OK, there was a time when stations did similar goofy stuff.  Some broadcasters used to speed up the songs a bit so they could play an extra one or two per hour.  In some cases, that also caused the same songs on other stations to sound a bit slow and lackluster.  Even so, listeners eventually noticed the songs sounded as if they were being sung by the Chipmunks and revolted.

Well, that is about what happened in Calgary.  Artists and record labels were the first to call foul.  They wanted the songs aired the way they created them.  I'm not sure that protest would have been enough, since stations are desperate enough to ignore any party that does not keep a rating book or carry a listening-measurement device.  But then listeners let them know how crazy the idea was.  They, too, wanted to hear all of their favorite songs, not just the half of them that the station decided they would play.

Three weeks into the experiment, the station gave up.

What's next?  To what lengths will desperate broadcasters go to try to save the medium from its demise?

One thing you can bet on: it will not involve putting better and more compelling content on their air.  That costs money, takes creativity, and requires a willingness to take a risk.

Those are three commodities sorely lacking in traditional broadcasting these days.

Monday, August 18, 2014

A dose of common sense, please

by Don Keith

Allow me to delve just a bit into politics this time around.  I became embroiled recently in--of all things--a debate over the dangers of government-mandated minimum wages on--of all places--an online forum devoted to self-publishing.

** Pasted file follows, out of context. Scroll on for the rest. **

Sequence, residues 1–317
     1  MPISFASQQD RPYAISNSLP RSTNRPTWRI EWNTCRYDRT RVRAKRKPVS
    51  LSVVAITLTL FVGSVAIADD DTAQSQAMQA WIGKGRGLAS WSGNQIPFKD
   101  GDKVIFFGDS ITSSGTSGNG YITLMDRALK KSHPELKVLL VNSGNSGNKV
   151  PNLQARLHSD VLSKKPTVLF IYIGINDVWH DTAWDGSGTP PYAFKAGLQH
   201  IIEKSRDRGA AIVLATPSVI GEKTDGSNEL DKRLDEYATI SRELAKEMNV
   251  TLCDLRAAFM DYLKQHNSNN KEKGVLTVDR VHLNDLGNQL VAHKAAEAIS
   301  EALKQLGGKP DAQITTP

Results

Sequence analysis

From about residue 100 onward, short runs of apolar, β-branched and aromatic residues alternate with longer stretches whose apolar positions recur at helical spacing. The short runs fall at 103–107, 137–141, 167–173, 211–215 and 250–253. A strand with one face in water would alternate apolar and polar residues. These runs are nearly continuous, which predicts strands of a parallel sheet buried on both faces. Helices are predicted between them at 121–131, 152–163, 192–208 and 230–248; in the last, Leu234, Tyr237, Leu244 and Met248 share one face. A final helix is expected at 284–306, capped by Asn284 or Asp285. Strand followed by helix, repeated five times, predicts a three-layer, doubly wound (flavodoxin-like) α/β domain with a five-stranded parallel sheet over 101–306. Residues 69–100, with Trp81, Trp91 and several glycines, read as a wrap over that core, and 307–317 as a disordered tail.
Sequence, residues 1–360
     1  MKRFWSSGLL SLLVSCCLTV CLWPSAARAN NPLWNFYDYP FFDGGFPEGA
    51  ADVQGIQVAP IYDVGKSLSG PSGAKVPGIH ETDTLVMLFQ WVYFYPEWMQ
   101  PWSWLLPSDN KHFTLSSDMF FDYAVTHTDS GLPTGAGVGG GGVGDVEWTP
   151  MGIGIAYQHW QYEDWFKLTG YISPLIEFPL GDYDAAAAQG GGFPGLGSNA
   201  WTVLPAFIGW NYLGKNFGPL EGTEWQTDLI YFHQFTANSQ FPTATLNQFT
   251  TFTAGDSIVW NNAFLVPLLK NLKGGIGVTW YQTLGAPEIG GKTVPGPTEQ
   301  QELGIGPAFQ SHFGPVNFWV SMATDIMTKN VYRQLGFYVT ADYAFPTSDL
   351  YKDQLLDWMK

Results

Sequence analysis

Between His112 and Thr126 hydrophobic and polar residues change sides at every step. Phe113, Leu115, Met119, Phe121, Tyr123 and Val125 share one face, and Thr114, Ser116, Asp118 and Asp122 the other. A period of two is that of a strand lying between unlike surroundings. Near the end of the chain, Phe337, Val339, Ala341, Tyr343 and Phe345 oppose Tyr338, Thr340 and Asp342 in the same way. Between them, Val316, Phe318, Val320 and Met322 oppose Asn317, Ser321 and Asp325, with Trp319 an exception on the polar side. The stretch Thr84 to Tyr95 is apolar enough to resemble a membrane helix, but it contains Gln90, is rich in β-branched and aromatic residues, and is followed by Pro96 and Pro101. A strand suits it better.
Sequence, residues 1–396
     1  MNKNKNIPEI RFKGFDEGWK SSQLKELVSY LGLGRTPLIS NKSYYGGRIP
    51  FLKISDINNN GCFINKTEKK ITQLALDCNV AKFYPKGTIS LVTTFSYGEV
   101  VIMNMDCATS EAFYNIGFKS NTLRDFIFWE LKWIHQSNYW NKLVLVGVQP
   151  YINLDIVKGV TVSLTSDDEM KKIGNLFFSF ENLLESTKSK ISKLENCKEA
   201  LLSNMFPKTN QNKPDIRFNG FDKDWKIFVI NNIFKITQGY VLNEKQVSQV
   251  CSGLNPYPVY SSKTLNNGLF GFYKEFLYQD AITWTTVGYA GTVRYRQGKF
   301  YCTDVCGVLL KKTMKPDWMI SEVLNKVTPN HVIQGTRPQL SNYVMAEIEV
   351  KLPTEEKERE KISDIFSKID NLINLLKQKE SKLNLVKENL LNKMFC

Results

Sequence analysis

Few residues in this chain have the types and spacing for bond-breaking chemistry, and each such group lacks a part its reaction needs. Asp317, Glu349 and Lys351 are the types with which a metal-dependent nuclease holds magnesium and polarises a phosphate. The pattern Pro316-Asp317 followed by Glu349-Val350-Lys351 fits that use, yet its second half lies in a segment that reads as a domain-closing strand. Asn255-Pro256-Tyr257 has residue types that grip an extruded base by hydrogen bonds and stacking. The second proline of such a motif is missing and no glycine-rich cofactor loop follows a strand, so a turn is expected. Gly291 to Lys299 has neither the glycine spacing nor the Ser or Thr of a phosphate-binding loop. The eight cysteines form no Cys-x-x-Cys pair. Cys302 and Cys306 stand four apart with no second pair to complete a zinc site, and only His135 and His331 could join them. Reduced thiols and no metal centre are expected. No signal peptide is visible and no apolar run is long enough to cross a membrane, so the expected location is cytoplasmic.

Then, just in the nick of time, I ran across this article, which does a good job--in my opinion--of dealing with that and similar subjects.

In a recent speech of which Politico claims absolutely energized the “Progressive” left, Elizabeth Warren laid out her so-called 11 Commandments of Progressivism.
In what follows, I will first give Warren’s “commandment,” and then explain how each so-called commandment cannot be implemented without official state violence and coercion. I emphasize that I am not going to use hyperbole or paint Warren in a false light. I’m sure she is a nice person when one meets her. My point is not that Warren is nice or nasty, but rather that she espouses a political economy that is based on political favors for some coupled with fierce intolerance toward many.
The 11 Commandments:
1. We believe that Wall Street needs stronger rules and tougher enforcement, and we’re willing to fight for it.
For all of the financial misconduct that we have seen from Wall Street, the problem isn’t a lack of regulation or a dearth of enforcement. No, the problem is that Wall Street is linked at the hip to the federal government and to the Federal Reserve System, which then uses Wall Street as a mechanism to pump cheap money into the system. At the same time, the state then protects Wall Street firms from the consequences that occur when investments in the financial bubbles the Fed creates fail.
Progressive Populists like Warren claim to abhor the tax-funded bailouts, but they don’t object to the inflationary actions of the Fed, nor do they call for a halt to the symbiotic relationship between Wall Street and K Street. Yes, they might complain about the relationship, but at no time has Warren or any of her ilk ever called for a severing of the ties between Washington and Wall Street.